I’m celebrating by writing a few notes with my favorite pencils and prepping my calendar for April…it’s National Card & Letter Writing Month! Do you have any pencil or letter writing plans this weekend?
I’m the worst you guys! Thanks so much to Susan for reminding me in the comments to post the chopstick/pen holder! I took these pictures back when it was still summer, but then didn’t love the lighting so I figured I would take more, but then the busy-ness of October caught up with me. And now that I’m more free, we’re hitting a rainy spell in Forest Park, which isn’t helping with bright pictures! So, I’m posting these today with hopes of a sunny morning soon so I can update with some brighter, clearer pictures. I really love how easy this project is and I’m trying to find long, skinny objects for all of my friends so I can wrap their gifts in fancy paper holders.
You can use any kind of paper for this project, but I find handmade papers to be most forgiving. (This section at Paper Source is a great place to look for types of handmade papers that work well for origami projects. Steer clear of anything that is flocked or may be too thick to fold well. If you have any questions, I’m happy to answer them!) When I made Karen’s pencil holder, I used a lokta paper and I’ve used Japanese washi as well. Both of those fold beautifully. Wood based paper will work just fine though, so you can use wrapping paper or anything pretty you have on hand. It’s just not always as easy to manipulate and tends to show mistakes more.
You’ll need to cut your paper to an 8×8 inch square. I used a ruler and scissors for this since the paper is too large for my paper cutter. Do your best to get nice straight lines since origami is a pretty exact science. My paper had a deckled edge so I placed that at the top to add some interest to the collar of the pencil/chopstick holder. You could also cut the deckled edge off and just have clean edges all around. A bone holder (that thing on the right) is helpful to smooth your folds, but if you don’t have one, you’re fingers will work just fine.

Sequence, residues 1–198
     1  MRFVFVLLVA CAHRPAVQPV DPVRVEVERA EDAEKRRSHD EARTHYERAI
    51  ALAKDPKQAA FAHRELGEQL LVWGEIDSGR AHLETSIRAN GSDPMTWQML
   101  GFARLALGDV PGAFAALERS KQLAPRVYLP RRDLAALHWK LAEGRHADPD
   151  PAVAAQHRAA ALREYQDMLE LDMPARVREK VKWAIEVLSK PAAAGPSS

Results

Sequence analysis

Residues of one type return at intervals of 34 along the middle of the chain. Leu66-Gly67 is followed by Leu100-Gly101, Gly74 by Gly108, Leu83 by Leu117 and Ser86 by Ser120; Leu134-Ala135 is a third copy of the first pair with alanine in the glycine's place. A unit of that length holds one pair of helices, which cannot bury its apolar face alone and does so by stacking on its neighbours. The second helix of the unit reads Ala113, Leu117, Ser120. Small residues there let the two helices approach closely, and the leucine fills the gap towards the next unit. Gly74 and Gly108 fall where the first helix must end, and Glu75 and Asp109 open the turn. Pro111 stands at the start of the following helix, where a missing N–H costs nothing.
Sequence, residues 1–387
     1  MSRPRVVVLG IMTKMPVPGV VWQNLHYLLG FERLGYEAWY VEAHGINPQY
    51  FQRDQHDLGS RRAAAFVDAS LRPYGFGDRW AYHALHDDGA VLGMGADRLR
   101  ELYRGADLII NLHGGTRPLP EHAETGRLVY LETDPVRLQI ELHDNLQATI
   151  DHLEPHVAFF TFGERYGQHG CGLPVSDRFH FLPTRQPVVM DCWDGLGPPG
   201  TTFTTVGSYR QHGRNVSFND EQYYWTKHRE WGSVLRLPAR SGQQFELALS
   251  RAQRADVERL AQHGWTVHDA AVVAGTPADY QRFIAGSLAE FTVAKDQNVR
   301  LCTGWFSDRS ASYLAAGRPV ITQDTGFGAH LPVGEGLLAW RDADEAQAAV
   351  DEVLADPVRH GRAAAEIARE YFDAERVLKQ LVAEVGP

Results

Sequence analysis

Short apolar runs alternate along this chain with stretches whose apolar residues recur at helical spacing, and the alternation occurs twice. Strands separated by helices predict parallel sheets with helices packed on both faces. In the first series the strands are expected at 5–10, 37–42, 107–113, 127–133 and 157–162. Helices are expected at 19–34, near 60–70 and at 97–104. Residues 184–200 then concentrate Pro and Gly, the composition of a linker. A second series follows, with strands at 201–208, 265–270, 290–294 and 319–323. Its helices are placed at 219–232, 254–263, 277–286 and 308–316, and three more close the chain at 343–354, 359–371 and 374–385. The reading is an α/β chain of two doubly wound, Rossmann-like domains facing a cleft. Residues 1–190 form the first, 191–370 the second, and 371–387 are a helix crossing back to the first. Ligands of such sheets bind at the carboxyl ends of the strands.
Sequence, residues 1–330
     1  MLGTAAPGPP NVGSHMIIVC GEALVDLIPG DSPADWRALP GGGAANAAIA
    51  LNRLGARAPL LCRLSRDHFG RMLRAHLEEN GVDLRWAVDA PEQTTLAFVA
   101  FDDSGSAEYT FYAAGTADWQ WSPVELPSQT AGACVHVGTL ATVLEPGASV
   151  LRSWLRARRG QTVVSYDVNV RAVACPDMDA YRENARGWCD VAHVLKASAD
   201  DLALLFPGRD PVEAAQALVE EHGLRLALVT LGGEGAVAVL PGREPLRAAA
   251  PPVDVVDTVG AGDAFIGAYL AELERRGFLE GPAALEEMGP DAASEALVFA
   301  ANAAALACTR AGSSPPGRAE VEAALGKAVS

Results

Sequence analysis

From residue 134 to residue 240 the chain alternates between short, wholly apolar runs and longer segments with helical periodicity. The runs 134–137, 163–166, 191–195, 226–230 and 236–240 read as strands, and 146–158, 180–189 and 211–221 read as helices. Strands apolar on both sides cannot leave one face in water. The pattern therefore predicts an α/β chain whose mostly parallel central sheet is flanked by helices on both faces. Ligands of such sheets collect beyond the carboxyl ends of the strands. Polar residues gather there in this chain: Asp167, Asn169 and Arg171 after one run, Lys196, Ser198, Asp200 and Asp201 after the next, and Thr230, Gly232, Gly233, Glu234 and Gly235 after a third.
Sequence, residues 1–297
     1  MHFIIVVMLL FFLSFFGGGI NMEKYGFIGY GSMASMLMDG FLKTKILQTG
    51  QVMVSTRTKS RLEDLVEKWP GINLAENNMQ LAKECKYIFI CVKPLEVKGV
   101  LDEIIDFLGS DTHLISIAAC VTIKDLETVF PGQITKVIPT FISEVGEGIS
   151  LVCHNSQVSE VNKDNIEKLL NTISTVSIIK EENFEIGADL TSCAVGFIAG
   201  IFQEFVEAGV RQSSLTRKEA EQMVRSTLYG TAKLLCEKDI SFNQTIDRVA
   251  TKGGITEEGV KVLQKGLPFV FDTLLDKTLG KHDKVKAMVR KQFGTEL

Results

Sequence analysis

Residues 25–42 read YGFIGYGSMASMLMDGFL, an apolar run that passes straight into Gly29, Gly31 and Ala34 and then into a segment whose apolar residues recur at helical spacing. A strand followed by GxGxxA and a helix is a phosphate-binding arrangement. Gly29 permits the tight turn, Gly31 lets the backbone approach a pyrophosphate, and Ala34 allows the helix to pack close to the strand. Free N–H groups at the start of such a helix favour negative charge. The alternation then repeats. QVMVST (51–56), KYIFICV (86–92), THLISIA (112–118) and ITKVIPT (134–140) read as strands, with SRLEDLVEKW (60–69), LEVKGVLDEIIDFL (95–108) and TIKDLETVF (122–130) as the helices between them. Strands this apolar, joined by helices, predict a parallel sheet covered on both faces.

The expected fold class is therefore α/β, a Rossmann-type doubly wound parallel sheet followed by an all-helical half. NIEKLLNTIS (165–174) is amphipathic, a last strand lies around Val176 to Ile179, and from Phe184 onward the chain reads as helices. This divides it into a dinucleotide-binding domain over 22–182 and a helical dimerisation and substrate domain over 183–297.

Flip your paper over so the pattern is facing down. Fold the paper in half. Open and fold the right half to meet the center fold. Then fold the left half to meet the center fold. Unfold and now you should have four equal sections in your square. Fold your left corner down to meet the first fold (from the left.) Fold your right corner down to meet the center fold. Now fold the left side over to meet the middle. And fold again in the same direction. It’s kind of like rolling it closed. One last turn and this is what the back should look like. Flip it over and this is what the front should look like. (But turn it back over because we need to finish the back part.) On the back side, fold the bottom up about a quarter of an inch or so. This will be the bottom of the holder. Use some clear tape to hold it closed. I know washi tape would be cuter here, but most of it won’t hold securely on handmade paper. Clear tape gets the job done.
Stick in some chopsticks, pencils, pens, magic wands…and you’re done! I made a bunch for my birthday party this year and for Hasegawa Tanabata. All the different patterns make a pretty table (or picnic!)
Let me know if the instructions are confusing and I’ll try to clear them up! And please send me pics of your finished origami pencil holders!
Karen started a new job last week teaching a class at University of Illinois at Chicago. We wanted to give Professor Karen (I’m sure her students call her something more formal.) a little good luck gift to send her off on her first day.Like me, Karen loves Frixion pens, so I pulled a .05 from the “Japanese vault” and added it with a couple of pencils from C.W. Pencils. The Editor looked like a perfect pencil for grading and planning. (Are papers still graded on…paper?) And the Graphite/Highlighter combo seemed perfect for planning and note taking. I folded a little origami pencil holder for them out of my new favorite pencil paper. I’ll post a quick tutorial for the pencil holder next week. It’s so easy and they have so many uses! (They’re actually chopstick holders!)